Be Informed!

The First Class Breakfast Program is being implemented in schools all over Houston. I am a very involved parent, but I have only one experience to share and one point of view. In an effort to share information and inform parents, I welcome comments and guest posts!

Forward this to all who might be interested. You need to be informed and aware of what is happening in your schools.

Wednesday, May 26, 2010

So what do we do about it?

I have received a lot of emails from parents that don't want this program at their school becuase they don't want the lost class time and they don't want their kids eating the food.  These are all valid objections, but it won't keep the program out of your school. 

First, we must all realize that this program IS coming to your school if it isn't already there. No parent or principal has been able to prevent it (yet) and some schools have certainly tried. The best thing you can do as a parent is to work together, through the PTO or shared decision making committees at your school, talk with the Principal and HISD Food Services about alternatives to strict classroom delivery and see what else might make sense for your campus.  You have the opportunity to request the best delivery method of the breakfast that meets the needs of the students and the desires of the parents at their campus.

So here are some action items for you:

If you just don't want your child to eat breakfast at school, there are two options.
1. Kids can just say no thanks. Your child can simply not take a breakfast meal when it is delivered to the classroom. 
2. Parents can say no thanks. If an Opt-out form is not readily available at your school, write a letter to the Principal and your child's teacher to inform them that you do not want your child eating the breakfast that is being served.  Schools are dealing with this differently, so check with yours on the best way to handle this.

Teachers will have additional activities available for the kids who choose not to eat. It may be reading, journaling or doing other exercises, but there is generally something constructive that can be done during this period of time.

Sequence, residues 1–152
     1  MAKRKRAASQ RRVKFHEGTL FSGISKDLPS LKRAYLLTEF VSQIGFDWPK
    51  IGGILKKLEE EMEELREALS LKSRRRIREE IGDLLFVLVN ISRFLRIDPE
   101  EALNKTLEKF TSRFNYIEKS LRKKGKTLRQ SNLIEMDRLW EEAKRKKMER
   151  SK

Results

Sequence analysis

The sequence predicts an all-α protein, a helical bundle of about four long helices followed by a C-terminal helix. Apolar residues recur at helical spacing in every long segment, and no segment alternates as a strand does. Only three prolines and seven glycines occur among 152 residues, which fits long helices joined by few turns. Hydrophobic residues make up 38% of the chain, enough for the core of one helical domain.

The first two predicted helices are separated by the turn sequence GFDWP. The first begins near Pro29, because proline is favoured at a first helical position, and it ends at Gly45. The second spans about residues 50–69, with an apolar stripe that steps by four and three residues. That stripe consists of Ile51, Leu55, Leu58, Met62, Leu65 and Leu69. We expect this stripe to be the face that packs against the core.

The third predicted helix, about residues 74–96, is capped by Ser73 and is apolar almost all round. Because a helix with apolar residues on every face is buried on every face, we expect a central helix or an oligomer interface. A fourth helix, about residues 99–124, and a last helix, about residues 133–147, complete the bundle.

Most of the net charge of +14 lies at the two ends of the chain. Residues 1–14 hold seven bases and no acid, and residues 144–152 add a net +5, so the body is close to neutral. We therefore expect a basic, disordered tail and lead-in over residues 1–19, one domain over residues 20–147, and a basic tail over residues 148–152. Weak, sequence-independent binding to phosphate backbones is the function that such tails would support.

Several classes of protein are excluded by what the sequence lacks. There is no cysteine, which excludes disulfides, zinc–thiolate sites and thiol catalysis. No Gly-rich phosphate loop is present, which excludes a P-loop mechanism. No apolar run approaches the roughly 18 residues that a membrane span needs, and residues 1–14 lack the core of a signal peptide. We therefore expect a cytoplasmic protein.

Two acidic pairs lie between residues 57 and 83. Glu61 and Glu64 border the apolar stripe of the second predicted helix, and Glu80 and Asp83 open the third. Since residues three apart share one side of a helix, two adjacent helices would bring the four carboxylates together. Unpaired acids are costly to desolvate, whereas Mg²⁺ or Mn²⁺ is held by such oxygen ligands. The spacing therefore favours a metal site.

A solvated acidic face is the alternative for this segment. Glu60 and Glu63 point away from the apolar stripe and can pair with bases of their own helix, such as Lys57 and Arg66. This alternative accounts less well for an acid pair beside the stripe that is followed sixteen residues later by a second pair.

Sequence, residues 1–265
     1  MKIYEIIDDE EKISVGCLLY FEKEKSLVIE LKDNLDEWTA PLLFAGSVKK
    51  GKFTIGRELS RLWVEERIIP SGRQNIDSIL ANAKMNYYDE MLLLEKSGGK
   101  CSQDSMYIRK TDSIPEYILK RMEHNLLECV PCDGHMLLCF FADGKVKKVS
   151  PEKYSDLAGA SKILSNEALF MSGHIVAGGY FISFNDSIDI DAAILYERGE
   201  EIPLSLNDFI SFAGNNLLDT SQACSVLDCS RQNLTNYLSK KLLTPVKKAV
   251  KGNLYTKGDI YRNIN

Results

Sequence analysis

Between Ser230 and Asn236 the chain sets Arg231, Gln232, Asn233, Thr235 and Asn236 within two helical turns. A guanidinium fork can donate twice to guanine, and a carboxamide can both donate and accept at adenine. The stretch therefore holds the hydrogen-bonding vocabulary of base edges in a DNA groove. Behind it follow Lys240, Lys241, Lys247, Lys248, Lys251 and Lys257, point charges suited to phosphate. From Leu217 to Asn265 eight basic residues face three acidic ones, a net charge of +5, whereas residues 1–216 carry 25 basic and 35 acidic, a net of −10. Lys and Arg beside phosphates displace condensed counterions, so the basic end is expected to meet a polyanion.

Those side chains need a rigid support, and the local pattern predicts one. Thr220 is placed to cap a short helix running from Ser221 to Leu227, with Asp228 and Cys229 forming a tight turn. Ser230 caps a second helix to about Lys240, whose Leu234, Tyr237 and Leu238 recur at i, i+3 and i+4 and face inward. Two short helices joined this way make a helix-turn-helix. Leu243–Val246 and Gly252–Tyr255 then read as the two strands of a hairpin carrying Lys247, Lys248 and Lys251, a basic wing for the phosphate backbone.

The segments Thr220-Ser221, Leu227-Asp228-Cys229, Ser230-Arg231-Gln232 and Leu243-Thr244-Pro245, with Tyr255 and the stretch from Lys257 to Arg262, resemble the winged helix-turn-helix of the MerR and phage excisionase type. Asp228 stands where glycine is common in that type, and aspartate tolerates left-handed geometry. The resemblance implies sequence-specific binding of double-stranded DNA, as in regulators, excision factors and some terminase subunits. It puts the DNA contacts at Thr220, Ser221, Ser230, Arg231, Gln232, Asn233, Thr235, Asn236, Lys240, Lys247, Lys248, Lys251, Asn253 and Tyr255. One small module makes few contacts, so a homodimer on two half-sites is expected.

If you object to the lost class time, there are many opportunities to develop a program to deliver breakfast at your school that minimizes the impact on class time. The delivery method that is suggested by Food Services as being the fastest is not the least disruptive to the class. The fastest time they are referring to may be the actual delivery time at the door, it may refer to feeding the largest number of kids in the shortest amount of time, I'm not sure. The 10 minutes that was promised when the program was first introduced is really more like 20-30 depending on the grade level.

There are examples of other schools that are making breakfast available at the classroom, but the largest number of participating children are still eating in the cafeteria as has always worked for schools in the past. The model at Roberts Elementary is one that seems to be working well.  There are delivery models in other schools that I have heard of, but don't have a first hand description yet, so I can't really explain the logistics of them here. 

The point is to find out what is needed and desired by parents at your school and work with Food Services to make it happen.  Prior to the launch at your school a team from HISD Food Services will visit with your Principal and cafeteria staff to determine what your school needs and what will work best for your campus.  Don't hesitate to ask for alternatives if the classroom delivery of breakfast doesn't fit your needs.  Flexibility is an option!  Dr. Grier said in his statement on March 24 that "principals and teachers in each school have the complete freedom to design their program to meet the needs of students in their school".  There is no reason to believe otherwise.

A few days ago, I would have also suggested that you contact the representative for your district to let them know of your objections.  It won't affect the implementation at your school.  You can certainly still do that to let them know how you feel about the program so they may think twice and ask for more parental input before voting to implement something that has such a dramatic effect on our children's school day.  If you would still like to contact the HISD Board, all of their email addresses are listed here.

When it all comes down to it, the best thing you can do is to get involved at your school.  Know what is going on.  Join the PTO, talk to your teachers and administrators and most of all, the other parents.

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